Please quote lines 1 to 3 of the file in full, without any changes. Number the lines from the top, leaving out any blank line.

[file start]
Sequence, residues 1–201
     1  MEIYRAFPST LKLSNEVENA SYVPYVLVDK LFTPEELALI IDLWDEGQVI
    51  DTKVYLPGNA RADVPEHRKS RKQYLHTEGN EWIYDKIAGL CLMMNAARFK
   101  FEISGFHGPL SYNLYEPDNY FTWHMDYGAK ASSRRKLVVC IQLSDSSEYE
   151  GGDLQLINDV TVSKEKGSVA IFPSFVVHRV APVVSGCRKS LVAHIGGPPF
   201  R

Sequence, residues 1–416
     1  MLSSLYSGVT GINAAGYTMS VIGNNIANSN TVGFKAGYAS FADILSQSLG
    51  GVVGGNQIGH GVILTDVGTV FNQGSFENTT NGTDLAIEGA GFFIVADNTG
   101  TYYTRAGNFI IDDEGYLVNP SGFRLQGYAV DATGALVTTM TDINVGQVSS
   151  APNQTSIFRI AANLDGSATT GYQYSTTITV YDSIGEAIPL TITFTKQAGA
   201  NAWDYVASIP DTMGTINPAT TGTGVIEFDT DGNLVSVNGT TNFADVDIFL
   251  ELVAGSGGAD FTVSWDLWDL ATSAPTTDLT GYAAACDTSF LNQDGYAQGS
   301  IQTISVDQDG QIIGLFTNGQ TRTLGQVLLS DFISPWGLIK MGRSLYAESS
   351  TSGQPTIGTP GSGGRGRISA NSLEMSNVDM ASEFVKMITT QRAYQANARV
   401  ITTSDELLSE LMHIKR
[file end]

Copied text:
Sequence, residues 1–201
     1  MEIYRAFPST LKLSNEVENA SYVPYVLVDK LFTPEELALI IDLWDEGQVI
    51  DTKVYLPGNA RADVPEHRKS RKQYLHTEGN EWIYDKIAGL CLMMNAARFK